New York City to enter Phase 2 of reopening process next week

Mayor Bill de Blasio delivers the State of the City address on the Upper West Side, Jan. 10, 2019. (Photo by Ben Fractenberg/THE CITY)

By Alejandra O’Connell-Domenech

The city will take a “huge step” towards recovering from the coronavirus pandemic now that it will enter Phase 2 of reopening on Monday, June 22, Mayor Bill de Blasio announced on Thursday.

Phase 2 of New York state’s four-phase reopening plan allows for outdoor dining at bars and restaurants and some in-store shopping. Hair salons, barbershops, and offices can reopen if they abide by social distancing rules. The real estate industry, commercial building management, car sales, leasing and renting and retail rental, repair,  and cleaning can also return to business under Phase 2 guidelines. The city will distribute 2 million face coverings to businesses opening during Phase 2 and connect owners with a directory of PPE wholesalers.

Mayor Bill de Blasio’s administration expects between 150,000 and 300,000 people will begin returning to the city’s workforce on Monday. Also as part of Phase 2, children’s playgrounds will reopen. “Social distancing ambassadors” will monitor crowding and hand out face coverings at face coverings. Group sports like soccer, basketball and football are still banned.

To help “save” 5,000 struggling restaurants during Phase 2, the de Blasio administration announced that cafes, bars and restaurants will be able to use adjacent curbs, sidewalks, backyards, patios, and some of the city’s open streets as outdoor seating space. Some of the city’s Business Improvement Districts will work with eateries to configure outdoor seating in pedestrian plazas. City Hall hopes that the “Open Restaurants Plan” will also help 45,000 New Yorkers keep their work in the restaurant industry.

The Department of Transportation has yet to decide which open streets restaurants will be able to place outdoor seating, but the option will be available to bars, restaurants, and cafes by July, according to the mayor. Curb-side outdoor seating will be available through Labor Day as part of a pilot program, the mayor said, and sidewalk seating will only be available until October.

If a restaurant or bar wants to use roadway curb space for outdoor seating, it can not exceed the length of the business and must create a physical barrier between diners and travel lanes with planters or other types of barricades. Businesses using sidewalk space for outdoor dining must leave a walkable space between seating and the curb.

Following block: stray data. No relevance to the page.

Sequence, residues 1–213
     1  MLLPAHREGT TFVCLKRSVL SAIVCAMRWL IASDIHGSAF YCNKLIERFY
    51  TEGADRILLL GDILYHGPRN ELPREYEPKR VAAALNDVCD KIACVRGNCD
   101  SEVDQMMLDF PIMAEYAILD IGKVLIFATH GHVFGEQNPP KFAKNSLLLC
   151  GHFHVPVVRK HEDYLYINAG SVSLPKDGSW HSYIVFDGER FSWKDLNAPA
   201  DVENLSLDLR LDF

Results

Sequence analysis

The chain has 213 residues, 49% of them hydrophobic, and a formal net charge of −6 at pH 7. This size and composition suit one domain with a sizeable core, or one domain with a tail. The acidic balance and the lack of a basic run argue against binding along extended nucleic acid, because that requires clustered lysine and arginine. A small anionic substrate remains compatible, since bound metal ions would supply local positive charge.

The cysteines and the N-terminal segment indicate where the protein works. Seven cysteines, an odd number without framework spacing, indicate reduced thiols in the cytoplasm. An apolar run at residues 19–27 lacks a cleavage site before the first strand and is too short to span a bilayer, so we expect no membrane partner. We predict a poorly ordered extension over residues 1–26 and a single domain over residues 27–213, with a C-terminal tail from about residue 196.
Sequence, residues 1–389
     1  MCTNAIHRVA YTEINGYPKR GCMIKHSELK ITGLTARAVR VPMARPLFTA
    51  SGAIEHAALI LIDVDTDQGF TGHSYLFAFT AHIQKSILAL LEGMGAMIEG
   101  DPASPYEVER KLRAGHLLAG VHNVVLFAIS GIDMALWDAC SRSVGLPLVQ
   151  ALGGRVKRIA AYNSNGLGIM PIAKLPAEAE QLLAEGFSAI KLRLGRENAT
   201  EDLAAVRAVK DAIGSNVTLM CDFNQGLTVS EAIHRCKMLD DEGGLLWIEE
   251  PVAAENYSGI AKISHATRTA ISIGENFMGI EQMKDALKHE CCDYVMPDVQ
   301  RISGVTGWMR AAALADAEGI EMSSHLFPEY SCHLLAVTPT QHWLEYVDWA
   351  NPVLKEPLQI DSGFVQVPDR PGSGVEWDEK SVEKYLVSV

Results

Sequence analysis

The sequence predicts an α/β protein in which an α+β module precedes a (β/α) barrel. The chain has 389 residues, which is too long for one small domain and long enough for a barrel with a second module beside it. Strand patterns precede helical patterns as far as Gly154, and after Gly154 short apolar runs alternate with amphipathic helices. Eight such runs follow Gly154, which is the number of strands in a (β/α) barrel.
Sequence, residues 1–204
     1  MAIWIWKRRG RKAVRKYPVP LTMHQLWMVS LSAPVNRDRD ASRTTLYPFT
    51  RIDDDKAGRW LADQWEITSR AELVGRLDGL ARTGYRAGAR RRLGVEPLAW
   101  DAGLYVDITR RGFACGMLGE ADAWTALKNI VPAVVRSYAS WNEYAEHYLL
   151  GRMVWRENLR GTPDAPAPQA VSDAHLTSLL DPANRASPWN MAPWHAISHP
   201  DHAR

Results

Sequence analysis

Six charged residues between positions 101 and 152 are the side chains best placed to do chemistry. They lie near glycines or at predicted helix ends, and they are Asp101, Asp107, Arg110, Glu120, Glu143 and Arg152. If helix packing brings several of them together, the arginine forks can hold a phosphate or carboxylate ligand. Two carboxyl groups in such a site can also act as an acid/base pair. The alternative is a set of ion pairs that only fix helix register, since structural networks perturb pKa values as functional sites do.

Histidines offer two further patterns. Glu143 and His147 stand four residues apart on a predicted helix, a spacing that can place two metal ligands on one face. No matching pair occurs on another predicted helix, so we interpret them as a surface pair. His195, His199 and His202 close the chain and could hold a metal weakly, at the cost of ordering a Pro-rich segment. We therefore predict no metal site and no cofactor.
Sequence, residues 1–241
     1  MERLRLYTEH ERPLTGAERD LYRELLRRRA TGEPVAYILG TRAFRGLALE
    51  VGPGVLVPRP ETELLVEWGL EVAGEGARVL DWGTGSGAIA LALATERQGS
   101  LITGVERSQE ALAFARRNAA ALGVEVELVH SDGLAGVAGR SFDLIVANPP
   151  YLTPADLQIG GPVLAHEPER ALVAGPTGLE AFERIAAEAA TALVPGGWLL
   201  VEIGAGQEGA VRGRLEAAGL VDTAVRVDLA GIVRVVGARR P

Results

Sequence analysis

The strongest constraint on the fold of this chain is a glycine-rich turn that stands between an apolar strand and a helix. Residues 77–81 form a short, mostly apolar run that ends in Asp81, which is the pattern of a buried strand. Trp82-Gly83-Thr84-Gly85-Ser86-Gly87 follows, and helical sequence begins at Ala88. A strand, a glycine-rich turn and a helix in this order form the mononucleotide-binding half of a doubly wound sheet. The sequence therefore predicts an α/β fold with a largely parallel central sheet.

A rendering of what outdoor dining could look like for some restaurants. (Photo courtesy of NYC Mayor’s Office)

Curbs space within 15 feet of a fire hydrant, bus stops and sidewalks “No Standing Anytime” signage can not be used for outdoor dining seating, according to city hall.

The DOT will post an online self-certification application for outdoor seating on Friday, June 19, where applicants will need be required to pledge to not allow customers not seated to gather outside in order to maintain social distance and prevent a spike in coronavirus cases.

Last week, Governor Andrew Cuomo threatened to “reverse” the course of reopening after videos and pictures of crowds disregarding social distancing rules and not wearing masks outside of Manhattan bars and restaurants were blasted across social media. During a press conference on Sunday, Governor Cuomo said that the state had received over 25,000 complaints of business violating social distancing rules with the majority of those complaints coming from Manhattan and The Hamptons.

Countries like China and Singapore have seen a spike in coronavirus cases in recent days, possibly because of reopening too early,  de Blasio told reporters that New Yorkers would not “make the same mistakes” when entering Phase 2.

“We have lots of inspectors out there to makes sure things are done right,” de Blasio told reporters. ” If we see it, we’ll address it.”

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